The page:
The Battle of Fort Macon Nc

In late March, Maj. Gen. Ambrose E. Burnside’s army advanced on Fort Macon, a third system casemated masonry fort that commanded the channel to Beaufort, 35 miles southeast of New Berne. The Union force invested the fort with siege works and, on April 26, opened an accurate fire on the fort, which soon breached the masonry walls. Within a few hours the fort’s scarp began to collapse, and the Confederates hoisted a white flag. This action demonstrated the inadequacy of masonry forts against large-bore, rifled artillery.

The movement of the artillery for the siege of the fort was a masterpiece of ingenuity and hard work. First the weight of the guns required the repair of the railroad bridge at Newport. The 5th RI Bn, under the command of Major John Wright, was detailed to this task. Upon completion of the repairs they were relieved by the 9th New Jersey (on loan to Parke from 2nd Brigade for the purpose of supplying security). Originally the ordinance dedicated to the siege consisted of a battery of 30lb rifled Parrotts and four 10" mortars. The ordnance officer in charge, LT Daniel Flagler, however, deemed this insufficient for the task and went to New Berne and coordinated for an additional four 8" mortars.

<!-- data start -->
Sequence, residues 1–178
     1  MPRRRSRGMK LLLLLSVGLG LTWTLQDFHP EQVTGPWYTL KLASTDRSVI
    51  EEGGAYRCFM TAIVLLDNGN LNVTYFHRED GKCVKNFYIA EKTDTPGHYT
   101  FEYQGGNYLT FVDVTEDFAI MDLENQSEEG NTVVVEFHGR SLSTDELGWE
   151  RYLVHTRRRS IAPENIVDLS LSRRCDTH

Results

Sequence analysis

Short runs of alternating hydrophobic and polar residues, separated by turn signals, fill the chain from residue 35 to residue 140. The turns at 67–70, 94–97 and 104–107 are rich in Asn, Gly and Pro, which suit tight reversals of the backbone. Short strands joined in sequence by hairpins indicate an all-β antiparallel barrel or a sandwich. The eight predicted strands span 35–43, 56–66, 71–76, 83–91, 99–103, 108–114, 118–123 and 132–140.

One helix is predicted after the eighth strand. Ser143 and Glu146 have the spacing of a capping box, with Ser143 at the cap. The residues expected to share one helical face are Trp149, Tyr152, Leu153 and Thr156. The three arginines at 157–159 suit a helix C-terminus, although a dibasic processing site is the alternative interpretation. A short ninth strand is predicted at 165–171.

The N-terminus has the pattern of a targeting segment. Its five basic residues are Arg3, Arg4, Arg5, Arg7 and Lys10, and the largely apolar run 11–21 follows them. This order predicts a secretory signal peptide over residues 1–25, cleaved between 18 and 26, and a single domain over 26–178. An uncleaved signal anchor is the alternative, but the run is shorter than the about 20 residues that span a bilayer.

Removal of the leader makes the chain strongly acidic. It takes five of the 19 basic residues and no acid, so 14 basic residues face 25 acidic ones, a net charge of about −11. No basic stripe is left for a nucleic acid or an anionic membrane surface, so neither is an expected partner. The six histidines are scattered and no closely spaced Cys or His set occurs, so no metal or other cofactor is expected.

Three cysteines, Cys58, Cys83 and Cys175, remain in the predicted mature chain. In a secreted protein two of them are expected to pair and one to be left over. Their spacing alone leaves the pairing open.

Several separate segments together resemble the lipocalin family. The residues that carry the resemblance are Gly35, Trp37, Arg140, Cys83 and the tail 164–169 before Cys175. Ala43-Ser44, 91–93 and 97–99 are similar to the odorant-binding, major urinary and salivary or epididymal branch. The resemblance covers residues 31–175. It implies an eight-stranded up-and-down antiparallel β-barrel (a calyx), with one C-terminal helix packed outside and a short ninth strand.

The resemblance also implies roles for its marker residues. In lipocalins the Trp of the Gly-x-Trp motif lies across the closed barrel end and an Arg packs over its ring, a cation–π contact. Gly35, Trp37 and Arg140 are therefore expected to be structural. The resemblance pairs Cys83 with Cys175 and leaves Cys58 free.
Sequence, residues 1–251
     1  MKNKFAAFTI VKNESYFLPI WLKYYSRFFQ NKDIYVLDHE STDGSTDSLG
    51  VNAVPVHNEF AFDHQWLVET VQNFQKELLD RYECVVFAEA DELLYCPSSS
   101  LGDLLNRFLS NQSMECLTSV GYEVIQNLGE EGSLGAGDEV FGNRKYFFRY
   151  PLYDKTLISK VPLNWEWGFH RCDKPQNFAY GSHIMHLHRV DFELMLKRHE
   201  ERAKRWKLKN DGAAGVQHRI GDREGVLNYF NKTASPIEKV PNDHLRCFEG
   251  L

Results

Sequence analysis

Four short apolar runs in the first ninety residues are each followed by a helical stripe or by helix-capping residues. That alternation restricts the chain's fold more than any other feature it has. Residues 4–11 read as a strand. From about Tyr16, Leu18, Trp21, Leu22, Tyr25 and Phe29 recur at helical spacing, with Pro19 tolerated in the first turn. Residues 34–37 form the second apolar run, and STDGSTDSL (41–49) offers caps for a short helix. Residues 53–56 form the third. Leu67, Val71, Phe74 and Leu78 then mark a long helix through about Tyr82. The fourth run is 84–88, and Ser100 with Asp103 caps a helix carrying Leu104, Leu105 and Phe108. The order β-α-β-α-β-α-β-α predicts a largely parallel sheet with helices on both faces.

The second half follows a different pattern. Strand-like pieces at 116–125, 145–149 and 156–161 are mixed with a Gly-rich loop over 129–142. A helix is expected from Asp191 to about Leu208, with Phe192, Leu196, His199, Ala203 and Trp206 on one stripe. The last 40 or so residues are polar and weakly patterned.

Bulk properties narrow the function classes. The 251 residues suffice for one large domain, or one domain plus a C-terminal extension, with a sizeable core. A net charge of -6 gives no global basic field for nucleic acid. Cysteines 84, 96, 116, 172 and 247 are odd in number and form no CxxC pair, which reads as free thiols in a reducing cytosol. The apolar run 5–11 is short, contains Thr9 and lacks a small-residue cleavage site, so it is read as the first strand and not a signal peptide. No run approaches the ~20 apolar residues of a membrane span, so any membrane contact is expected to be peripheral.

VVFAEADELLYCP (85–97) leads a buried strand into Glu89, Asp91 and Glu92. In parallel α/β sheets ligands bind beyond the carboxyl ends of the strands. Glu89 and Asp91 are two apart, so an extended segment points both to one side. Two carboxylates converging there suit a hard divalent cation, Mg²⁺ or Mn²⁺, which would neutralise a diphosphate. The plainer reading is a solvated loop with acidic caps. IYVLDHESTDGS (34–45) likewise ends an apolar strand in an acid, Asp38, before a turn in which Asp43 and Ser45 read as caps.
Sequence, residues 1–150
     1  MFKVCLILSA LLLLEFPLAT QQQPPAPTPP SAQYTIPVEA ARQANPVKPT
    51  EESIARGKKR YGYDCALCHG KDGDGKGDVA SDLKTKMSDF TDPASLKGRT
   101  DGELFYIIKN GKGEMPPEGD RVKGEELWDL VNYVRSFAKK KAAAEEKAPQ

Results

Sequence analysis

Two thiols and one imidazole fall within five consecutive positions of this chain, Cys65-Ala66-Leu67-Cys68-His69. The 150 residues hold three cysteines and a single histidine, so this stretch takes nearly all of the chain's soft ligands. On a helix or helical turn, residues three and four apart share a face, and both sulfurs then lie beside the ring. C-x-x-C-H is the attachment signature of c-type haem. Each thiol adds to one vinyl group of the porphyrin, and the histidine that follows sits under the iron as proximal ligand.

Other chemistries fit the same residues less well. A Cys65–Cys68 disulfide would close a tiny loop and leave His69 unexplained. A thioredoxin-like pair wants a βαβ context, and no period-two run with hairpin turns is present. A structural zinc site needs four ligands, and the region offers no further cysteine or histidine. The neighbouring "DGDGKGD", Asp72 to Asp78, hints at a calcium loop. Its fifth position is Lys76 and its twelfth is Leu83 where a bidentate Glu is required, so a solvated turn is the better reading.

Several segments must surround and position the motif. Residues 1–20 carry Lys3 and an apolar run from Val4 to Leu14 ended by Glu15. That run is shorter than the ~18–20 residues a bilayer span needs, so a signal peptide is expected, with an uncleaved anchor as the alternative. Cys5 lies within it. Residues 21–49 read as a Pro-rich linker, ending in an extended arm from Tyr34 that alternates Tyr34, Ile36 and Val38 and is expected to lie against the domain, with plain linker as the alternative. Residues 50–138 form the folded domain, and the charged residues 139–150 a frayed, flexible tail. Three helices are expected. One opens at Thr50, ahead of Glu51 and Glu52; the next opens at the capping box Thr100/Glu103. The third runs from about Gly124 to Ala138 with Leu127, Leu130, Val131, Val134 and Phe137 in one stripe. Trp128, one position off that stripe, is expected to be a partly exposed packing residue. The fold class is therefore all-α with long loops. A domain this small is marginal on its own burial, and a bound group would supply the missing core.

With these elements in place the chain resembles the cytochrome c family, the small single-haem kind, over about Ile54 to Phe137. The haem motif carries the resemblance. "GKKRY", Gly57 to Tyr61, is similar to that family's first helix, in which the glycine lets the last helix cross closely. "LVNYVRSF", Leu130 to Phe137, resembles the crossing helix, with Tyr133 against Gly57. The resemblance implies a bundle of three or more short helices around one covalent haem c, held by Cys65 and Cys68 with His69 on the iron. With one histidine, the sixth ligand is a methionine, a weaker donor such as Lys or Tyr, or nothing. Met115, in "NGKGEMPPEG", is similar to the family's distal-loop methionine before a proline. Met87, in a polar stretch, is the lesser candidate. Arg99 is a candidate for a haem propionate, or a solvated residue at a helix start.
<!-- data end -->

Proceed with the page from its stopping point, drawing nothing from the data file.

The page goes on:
The batteries were taken to the landing at Slocum's Creek and then transported by wagon to Havelock. There they were loaded on to railroad cars that were hauled along the tracks to Morehead City by horses and mules (no serviceable engines could be found). Finally the pieces had to be brought across the sound to Bogue Banks. Only one suitable scow could be found for this duty and due to the tides and shallow water only one trip a day could be made. Once on the Banks all the guns and ammunition had to be hauled by fatigue parties up 4 1/2 miles of sandy beach. It was not until April 11th that all the necessary equipment was on hand. On the 12th CPT Williamson, Topographical Engineer, conducted a reconnassaince to locate the positions for the batteries. The narrowness of the island left few options and the sand dunes were originally thought to be obstructions to the proper placement of the guns. Williamson turned the problem into a positive by devising a way to turn the sandy hills into emplacements by revetting the walls of the dug out dunes with sand bags. Much of the work was done under fire from the fort and at night but remarkably few casualties resulted from the enemy fire.

Deaths Unknown

Transportation of Battle is horse back and trans and walking.